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Perry
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« Reply #12 on: June 29, 2013, 07:59:50 PM »


The only thing lacking in the script was I thought Walt should had made a move on Yum-Yum....
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Doug
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« Reply #13 on: July 01, 2013, 06:01:47 AM »

As you say, the best part of this movie is Clint Eastwood's depiction of Walt. I also think the story is actually pretty strong thematically. I'm not really sure what you mean by wooden dialogue though. I think the reason that some of the dialogue didn't sound great was because the actors didn't really have much acting experience. Can you give some examples of the wooden dialogue you are referring to? I thought the written dialogue itself was fine. To me, the delivery was what was lacking.

Come now, AKA... I don't have the time or inclination to go through the script with you, but for starters... All the dialogue with Walt's son is lame. The dialogue with the priest is lame. Most of the dialogue that comes out of Sue's mouth is lame, such as when their cousin and his gangbanger friends visit them at the house, and when she's walking with Scott Eastwood and they encounter the three black men. In fact that whole scene is embarrassing to watch. Clint Eastwood's character has more than his share of insipid dialogue, but Clint covers it up by growling all of it. Nothing that comes out of his granddaughter's mouth rings true, except in a general way. Yes, she's the disrespectful teenager, we get it. And that is what people respond to. But the dialogue itself, whether on the page or voiced by these bad actors, is wooden and clumsy. And it does nothing more than serve as a giant indicator of a stock character. Is there any subtlety to the daughter asking for Walt's belongings when he dies? No, there isn't. It's blunt and wooden, giving no indication of an actual person trying to manipulate or charm her grandfather. Which is what you'd expect in real life. Or what you'd expect from a talented screenwriter bringing to life a character who isn't a cardboard cutout. But here we get no depth, just a shallow representation of the "disrespectful youth." A cardboard cutout. A screenwriter-created stock character fulfilling a role for the story and theme. You can see the writer working very hard expanding on his ideas and bolstering his theme, but without the skill to make it convincing on an intimate level.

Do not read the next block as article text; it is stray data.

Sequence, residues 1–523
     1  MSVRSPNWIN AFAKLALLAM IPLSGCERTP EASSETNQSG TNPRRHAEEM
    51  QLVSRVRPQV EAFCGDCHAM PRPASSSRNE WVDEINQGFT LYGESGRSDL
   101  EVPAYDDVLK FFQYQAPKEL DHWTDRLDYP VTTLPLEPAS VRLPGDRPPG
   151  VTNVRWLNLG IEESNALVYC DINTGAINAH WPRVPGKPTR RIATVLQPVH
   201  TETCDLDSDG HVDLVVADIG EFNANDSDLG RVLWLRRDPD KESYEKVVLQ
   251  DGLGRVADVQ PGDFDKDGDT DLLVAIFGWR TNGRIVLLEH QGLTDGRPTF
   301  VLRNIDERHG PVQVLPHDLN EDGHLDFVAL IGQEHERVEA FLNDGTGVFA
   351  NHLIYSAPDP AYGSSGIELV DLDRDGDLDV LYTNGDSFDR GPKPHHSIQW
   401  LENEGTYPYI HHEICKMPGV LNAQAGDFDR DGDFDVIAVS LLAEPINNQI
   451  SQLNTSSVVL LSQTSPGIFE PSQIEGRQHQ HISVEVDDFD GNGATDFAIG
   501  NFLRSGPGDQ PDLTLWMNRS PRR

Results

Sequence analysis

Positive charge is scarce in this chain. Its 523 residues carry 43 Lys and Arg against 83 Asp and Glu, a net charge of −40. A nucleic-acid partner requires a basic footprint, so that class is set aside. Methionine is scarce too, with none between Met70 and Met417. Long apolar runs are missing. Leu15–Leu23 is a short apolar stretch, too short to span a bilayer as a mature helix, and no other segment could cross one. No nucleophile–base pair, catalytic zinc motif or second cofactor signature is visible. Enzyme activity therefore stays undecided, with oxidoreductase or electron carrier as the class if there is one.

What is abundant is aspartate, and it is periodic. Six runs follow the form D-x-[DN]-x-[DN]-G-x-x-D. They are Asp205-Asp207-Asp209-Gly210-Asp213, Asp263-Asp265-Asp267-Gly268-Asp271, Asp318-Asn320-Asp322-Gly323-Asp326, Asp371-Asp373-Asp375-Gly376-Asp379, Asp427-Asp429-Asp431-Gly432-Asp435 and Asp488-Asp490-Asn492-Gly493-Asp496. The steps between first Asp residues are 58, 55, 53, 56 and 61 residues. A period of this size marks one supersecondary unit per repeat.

It's great that you like the movie so much, but the script is hardly great. Not when you compare it to scripts that are great. I wouldn't even rank this in my top twenty favorite (or best) Eastwood movies, but I enjoy the story, and I do enjoy Eastwood in it, but I think it's been severely overrated by a lot of people on this board and elsewhere--and for reasons I suspect, but won't go into.
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« Reply #14 on: July 06, 2013, 05:11:59 AM »

Wow, this was all both interesting and disturbing.  I think Kid Vang is shooting himself in the foot with respect to his supposed acting career, what little there is of it at this early stage.  I, too, consider it bad taste for him to say positive things about the movie and Eastwood during the making and promoting of Gran Torino and then to do an about face, saying negative things after the movie's been out and his involvement has ended.  Shame on him.  Honestly, I doubt he's got much of a career in film ahead of him.

As for the film, I thought it was very good.  I found everything to be just fine about it.  It's no masterpiece, but it's not meant to be but I still found it to be an enjoyable film and entertaining.  It was great to see Clint acting again.  I didn't have a problem with any of the acting or writing.  The scenes were executed well enough to satisfy my expectations.  For the latter part of his career, this remains one of my favorite Eastwood films.
« Last Edit: July 06, 2013, 05:20:05 AM by Jed Cooper » Logged

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« Reply #15 on: July 06, 2013, 07:29:16 AM »

As for the film, I thought it was very good.  I found everything to be just fine about it.  It's no masterpiece, but it's not meant to be but I still found it to be an enjoyable film and entertaining.  It was great to see Clint acting again.  I didn't have a problem with any of the acting or writing.  The scenes were executed well enough to satisfy my expectations.  For the latter part of his career, this remains one of my favorite Eastwood films.